Occupational Pension fund

Certain occupational groups, such as notaries, workers in healthcare, pharmaceutical, maritime sectors etc., require specific pension funds. Therefore, if your business operates in one of these sectors, you must participate in occupational pension funds.

ABP pension fund

ABP pension fund is required for institutions in the educational and government sectors.

Non- compulsory pension

For businesses that do not fall under the criteria of the compulsory collective pension schemes, employers may voluntarily choose to join a collective pension fund. This is also known as a “general pension” fund. Besides providing pension to their employees, the company could choose to offer different benefits with the same value as pension to their employees. For example, if an employee is not interested in joining a company’s collective pension scheme because they are already investing in their spouses’ pension, the company may be better off offering a different benefit to this employee.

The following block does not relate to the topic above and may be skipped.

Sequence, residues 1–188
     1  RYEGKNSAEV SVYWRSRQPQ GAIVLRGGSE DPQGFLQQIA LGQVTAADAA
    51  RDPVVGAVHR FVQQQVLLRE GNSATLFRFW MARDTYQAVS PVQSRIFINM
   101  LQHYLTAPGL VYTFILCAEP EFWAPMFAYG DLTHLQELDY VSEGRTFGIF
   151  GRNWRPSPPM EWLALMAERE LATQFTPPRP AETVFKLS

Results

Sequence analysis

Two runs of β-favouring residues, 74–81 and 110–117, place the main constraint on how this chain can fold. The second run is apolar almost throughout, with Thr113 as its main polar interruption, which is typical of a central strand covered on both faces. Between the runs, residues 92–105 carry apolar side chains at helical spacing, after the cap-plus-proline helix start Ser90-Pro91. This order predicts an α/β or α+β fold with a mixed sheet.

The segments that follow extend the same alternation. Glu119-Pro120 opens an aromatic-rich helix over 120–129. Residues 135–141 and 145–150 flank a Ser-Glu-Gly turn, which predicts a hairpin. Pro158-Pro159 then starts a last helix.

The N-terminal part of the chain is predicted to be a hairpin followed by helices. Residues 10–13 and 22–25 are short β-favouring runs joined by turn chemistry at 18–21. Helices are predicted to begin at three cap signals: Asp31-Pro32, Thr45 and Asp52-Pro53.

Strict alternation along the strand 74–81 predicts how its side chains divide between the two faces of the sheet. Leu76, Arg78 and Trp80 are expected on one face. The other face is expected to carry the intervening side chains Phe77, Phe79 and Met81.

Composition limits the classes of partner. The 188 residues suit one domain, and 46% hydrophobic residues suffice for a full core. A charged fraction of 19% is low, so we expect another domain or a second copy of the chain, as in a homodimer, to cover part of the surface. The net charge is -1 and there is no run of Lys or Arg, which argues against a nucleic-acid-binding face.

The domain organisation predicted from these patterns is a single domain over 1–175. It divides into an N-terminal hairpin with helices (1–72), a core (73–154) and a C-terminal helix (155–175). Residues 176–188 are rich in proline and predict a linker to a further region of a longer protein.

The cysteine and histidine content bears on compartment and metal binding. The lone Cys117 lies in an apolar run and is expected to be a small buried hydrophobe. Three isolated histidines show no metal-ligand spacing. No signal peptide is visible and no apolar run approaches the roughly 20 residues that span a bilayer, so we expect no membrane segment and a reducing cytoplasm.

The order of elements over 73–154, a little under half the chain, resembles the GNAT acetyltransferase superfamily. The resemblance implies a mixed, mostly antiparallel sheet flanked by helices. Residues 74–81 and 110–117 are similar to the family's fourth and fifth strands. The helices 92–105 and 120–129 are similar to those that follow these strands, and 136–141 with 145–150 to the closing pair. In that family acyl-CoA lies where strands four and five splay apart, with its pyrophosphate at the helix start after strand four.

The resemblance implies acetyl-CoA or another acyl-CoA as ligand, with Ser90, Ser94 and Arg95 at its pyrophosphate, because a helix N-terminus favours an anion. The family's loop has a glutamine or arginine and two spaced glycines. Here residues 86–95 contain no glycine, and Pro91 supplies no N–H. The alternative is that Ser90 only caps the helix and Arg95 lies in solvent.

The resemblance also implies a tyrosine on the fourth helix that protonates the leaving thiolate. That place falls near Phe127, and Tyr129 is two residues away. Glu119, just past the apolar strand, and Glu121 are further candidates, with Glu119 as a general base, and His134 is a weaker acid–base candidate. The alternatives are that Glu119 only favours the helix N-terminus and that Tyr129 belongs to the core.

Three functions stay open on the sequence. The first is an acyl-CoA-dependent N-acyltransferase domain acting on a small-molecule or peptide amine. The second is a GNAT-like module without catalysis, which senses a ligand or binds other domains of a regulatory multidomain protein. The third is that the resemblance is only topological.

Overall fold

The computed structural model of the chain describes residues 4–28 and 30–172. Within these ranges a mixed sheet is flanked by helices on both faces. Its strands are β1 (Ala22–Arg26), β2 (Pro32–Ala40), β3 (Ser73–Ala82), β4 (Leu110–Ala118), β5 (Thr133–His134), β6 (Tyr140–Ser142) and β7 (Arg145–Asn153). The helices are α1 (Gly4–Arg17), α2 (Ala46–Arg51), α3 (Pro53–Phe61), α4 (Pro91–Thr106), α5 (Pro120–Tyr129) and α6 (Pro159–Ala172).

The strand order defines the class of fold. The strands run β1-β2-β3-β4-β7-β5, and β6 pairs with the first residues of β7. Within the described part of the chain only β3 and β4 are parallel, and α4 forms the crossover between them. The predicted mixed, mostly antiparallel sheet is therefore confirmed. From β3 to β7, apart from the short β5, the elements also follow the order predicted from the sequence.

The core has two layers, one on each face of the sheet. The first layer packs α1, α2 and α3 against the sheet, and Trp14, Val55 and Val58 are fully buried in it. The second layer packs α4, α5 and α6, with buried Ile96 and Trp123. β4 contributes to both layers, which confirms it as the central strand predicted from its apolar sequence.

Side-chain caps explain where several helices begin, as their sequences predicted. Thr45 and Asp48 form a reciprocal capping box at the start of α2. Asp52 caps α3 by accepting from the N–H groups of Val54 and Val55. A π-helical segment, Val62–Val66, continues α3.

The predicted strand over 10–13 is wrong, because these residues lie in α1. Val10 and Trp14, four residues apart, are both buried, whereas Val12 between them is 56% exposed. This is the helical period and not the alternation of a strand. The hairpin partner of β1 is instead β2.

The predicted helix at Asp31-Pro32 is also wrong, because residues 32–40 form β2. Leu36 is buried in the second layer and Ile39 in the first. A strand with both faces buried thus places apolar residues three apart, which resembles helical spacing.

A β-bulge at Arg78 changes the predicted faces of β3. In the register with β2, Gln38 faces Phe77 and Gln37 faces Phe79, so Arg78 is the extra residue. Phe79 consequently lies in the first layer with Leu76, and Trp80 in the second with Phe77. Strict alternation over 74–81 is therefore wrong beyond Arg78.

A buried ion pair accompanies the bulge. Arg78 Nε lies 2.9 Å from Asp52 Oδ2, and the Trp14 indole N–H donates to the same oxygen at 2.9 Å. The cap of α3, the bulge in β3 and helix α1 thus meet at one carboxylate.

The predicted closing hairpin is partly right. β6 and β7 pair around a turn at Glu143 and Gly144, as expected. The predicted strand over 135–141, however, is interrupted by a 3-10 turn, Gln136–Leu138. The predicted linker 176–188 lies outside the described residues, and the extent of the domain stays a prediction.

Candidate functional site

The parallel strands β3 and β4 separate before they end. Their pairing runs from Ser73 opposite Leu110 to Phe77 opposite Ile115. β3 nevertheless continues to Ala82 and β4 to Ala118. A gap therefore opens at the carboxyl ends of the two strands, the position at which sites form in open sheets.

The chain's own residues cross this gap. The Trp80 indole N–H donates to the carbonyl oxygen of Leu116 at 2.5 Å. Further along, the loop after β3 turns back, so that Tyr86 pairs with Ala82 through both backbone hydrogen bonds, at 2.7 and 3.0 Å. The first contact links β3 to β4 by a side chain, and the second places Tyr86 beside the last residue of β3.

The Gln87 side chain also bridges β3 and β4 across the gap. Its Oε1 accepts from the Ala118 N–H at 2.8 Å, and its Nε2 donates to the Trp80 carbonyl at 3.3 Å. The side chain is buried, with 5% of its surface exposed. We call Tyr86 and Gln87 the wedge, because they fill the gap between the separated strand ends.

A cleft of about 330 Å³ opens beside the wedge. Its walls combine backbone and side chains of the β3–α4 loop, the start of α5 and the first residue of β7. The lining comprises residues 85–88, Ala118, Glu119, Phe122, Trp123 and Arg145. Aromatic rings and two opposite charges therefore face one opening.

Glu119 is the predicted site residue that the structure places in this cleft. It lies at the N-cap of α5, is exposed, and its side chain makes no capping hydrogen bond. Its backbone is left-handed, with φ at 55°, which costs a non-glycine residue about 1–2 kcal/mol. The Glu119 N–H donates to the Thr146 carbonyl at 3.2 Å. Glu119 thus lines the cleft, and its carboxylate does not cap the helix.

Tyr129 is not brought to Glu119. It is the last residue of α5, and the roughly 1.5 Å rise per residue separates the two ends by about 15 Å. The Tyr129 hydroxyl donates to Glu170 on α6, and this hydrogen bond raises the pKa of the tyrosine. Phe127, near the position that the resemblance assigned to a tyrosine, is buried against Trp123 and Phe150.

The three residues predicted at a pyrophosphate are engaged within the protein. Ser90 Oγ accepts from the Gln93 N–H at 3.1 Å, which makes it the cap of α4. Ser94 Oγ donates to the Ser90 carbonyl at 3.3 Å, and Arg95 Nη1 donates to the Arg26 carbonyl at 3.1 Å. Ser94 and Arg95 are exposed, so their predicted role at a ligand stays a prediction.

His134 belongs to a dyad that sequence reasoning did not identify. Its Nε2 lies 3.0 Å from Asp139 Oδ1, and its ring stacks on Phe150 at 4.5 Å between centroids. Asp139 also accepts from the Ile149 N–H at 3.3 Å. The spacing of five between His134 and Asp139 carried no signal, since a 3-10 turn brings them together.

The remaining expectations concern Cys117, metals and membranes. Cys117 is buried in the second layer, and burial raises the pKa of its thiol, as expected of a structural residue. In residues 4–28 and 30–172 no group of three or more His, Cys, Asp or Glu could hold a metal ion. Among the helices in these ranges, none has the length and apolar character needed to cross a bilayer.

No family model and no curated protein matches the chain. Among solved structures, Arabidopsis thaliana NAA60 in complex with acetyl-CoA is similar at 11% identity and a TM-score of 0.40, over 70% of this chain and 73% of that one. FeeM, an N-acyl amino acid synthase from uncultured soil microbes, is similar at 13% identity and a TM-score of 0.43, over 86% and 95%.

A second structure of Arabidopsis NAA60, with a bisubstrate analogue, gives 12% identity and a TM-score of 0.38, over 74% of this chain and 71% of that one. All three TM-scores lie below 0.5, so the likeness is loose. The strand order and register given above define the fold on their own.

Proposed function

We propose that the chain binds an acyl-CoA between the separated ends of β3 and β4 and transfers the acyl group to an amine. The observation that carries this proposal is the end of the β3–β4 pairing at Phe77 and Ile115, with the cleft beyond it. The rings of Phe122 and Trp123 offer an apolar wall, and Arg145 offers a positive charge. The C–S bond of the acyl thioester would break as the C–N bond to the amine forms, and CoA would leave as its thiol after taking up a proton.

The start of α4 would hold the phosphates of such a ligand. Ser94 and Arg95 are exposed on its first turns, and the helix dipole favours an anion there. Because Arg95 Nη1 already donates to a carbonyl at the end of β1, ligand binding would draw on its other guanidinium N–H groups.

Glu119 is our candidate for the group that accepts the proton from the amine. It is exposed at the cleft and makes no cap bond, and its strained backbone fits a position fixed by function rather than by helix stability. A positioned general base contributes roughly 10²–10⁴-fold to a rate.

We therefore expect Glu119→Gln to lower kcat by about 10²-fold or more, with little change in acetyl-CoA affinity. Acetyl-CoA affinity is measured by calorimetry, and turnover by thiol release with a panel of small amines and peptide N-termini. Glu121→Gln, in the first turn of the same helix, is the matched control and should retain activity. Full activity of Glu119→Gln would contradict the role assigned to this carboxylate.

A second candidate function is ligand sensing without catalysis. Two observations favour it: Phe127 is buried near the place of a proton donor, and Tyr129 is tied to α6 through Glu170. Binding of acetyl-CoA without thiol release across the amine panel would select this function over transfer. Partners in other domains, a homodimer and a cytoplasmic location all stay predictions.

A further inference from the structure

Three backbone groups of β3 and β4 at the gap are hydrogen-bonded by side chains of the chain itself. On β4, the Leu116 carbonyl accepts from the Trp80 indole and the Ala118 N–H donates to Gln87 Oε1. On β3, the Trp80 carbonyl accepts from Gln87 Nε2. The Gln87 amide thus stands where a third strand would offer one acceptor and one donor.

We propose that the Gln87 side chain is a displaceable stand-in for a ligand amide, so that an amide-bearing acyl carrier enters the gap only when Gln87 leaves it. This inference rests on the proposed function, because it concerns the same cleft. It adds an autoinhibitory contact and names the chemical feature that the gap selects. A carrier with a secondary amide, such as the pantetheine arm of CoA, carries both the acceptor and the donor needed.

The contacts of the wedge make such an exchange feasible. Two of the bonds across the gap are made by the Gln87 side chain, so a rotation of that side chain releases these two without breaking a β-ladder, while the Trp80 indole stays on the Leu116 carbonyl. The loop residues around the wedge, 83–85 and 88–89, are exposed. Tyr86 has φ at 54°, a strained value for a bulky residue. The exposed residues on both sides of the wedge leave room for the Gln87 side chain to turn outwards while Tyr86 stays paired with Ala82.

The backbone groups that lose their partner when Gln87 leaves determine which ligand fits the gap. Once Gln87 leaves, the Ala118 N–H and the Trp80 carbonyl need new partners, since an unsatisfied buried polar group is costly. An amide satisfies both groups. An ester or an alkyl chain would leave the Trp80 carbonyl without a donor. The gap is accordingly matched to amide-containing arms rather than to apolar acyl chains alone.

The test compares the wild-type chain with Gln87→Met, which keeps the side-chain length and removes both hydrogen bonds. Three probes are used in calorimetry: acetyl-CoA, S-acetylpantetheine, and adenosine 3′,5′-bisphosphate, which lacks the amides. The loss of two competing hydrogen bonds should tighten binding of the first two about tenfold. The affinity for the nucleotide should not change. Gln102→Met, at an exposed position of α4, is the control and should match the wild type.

How to arrange your pension scheme

If you are an employer in the Netherlands, you should expect to receive requests and questions about pension. Many international companies find the process of setting up a pension plan for their employees rather complex. Therefore, we would like to bring some points to your attention in order to help you with the preparation stage of the project.

Point 1: Check your CAO (Collective labour agreement)(if applicable). CAO is a collective agreement that defines certain conditions of employment. It is possible that for your business sector, there is a mandatory agreement in place. The document will state if you need to provide a particular type of pension, as we have listed before. If you are not in the Netherlands yet and want to learn about it, you could also check it here (in Dutch).